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Wednesday, March 21, 2012

Five Best: Influential Documentaries

Marlon Brando and Francis Ford Coppola's
Apocalypse Now, as documented in 1991's
Hearts of Darkness: A Filmmaker's Apocalypse
I'm like Michael Moore except I'm skinny, my jeans are washed and God loves me.

- Ned Flanders ("The Simpsons")

Documentaries are snapshots of people, places, or things with which we may not be familiar. Good non-fiction films are made every year - this list is not the "greatest documentaries of all time." There are plenty of films much better than some of these, but these five are the most important in the history of documentary filmmaking - the ones that paved the way, made a name for the documentary film industry, and really are what the films now will always be measured against, in terms of historical significance. So, here they are, in chronological order.

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Nanook of the North (1922)

The first of its kind, this predecessor to the field of documentary filmmaking paved the way for everything. Director Robert J. Flaherty spent an entire year with Nanook and his family of Inuit Eskimos living in the Arctic circle, learning the customs and ways of life of this group of people barely touched by even the infant technology of the day. Still viewed as the first full length anthropological documentary ever made, it showed what powerful things could be done with just one camera and a subject.
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Triumph of the Will (1935)

A propaganda documentary of the highest order,  Leni Riefenstahl's capturing of the 1934 Nuremberg, Germany Nazi party rally is, without a doubt, one of the most infamous films ever made. Giving an outlet to some of the top Nazi party officials, including Adolph Hitler, Josef Goebbels, and Rudolph Hess, this simple, yet terrifyingly influential film was a rare peek inside the minds of these tyrants, but also an example of how one piece of art can have a worldwide ripple effect.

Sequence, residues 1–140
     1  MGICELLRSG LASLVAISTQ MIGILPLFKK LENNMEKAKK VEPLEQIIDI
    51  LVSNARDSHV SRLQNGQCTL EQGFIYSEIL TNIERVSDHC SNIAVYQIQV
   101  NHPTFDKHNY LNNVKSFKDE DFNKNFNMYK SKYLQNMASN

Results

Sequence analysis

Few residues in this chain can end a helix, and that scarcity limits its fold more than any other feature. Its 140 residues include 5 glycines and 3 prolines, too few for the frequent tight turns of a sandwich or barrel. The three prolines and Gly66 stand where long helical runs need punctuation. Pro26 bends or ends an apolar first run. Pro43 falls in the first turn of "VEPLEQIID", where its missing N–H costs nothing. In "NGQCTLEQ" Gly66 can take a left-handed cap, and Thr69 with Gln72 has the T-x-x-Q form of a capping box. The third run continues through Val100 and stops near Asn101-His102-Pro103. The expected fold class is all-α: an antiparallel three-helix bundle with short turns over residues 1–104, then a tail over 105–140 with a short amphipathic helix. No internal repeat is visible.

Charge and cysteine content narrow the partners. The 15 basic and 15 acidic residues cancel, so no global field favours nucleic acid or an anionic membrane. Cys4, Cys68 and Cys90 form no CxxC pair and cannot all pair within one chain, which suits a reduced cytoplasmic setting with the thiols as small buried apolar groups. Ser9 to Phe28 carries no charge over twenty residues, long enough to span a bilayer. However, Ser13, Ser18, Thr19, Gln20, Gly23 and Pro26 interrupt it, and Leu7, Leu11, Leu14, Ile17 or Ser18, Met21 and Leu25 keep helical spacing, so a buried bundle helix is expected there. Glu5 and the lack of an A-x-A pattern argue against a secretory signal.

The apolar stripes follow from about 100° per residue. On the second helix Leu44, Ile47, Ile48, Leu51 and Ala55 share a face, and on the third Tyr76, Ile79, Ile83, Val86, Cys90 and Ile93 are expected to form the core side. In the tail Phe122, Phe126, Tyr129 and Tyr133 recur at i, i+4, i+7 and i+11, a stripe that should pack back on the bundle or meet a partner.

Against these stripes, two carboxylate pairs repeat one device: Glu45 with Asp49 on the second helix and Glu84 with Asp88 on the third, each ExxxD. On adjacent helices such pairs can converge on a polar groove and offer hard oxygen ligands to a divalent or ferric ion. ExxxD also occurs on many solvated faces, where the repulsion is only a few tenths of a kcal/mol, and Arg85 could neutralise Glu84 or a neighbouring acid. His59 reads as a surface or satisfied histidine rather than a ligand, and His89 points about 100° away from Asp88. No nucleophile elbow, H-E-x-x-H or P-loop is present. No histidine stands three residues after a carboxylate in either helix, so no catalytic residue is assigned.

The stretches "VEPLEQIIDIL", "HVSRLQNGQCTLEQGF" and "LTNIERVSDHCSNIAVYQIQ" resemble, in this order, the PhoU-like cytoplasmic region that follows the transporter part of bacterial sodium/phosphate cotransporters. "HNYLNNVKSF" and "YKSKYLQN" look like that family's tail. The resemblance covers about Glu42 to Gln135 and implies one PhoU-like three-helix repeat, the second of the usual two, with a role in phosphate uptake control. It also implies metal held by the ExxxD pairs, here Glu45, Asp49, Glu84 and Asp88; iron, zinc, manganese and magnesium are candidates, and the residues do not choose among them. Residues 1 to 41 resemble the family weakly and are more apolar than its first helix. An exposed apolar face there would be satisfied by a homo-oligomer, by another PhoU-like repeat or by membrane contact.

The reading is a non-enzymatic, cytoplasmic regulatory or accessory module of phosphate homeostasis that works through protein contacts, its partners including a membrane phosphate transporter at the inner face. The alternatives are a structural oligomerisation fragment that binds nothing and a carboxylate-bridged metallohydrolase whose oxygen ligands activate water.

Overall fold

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The Thin Blue Line (1988)

Filmmaker Errol Morris has made a bevy of fascinating, topical documentaries (my favorite is Gates of Heaven), but his 1988 expose on corruption in Dallas police force and the wrongful murder conviction of a man is proof of what investigative journalism can do. The Thin Blue Line is, in a way, the precursor to shows like "Dateline," in the way it takes a topic and successfully provides point-counterpoint through reenactments and interviews with those involved. It's a detailed, fascinating look at what can be done if you push a little further, look a little closer, and think a little more clearly.
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Roger & Me (1989)

I'll be blunt - I don't like Michael Moore. His films are sheer propaganda, essentially comprised of him bothering people with the same questions until they get angry and rearranging chronology through post-editing to make his somewhat arrogant viewpoints more plausible. Though Bowling for Columbine is probably his best film, Roger & Me got him started, making a case against General Motors CEO Roger Smith and the downsizing of the company, thereby deeply impacting Moore's hometown of Flint, Michigan. It's sensationalized and a bit overwrought, but damn if it doesn't do it's job.
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Hoop Dreams (1994)

The gold standard in terms of modern documentary filmmaking, with Hoop Dreams, director Steve James builds an intimate portrait of two young men in inner-city Chicago and their goal of becoming professional basketball players. This look at talented young William Gates and Arthur Agee is a never-before-seen view of the hierarchy of the school systems, the dedication to a seemingly unobtainable dream, and the effect it all has on families that can barely eat, let alone pay for private school. It's an epic, layered, and satisfying look at who is affected when potential is recognized and exploited, whether willingly or not.

Documentary filmmaking - despite how much it has changed - is still the most simple way to tell a story. There may be better films than the ones above, but documentarians owe a debt of gratitude to what the above films accomplished to pave the way for them.

Other Considerations

Titicut Follies (1967)
Harlan County, U.S.A. (1976)
Super Size Me (2004)
Grizzly Man (2005)
Man on Wire (2008)

An Inconvenient Truth (2008)

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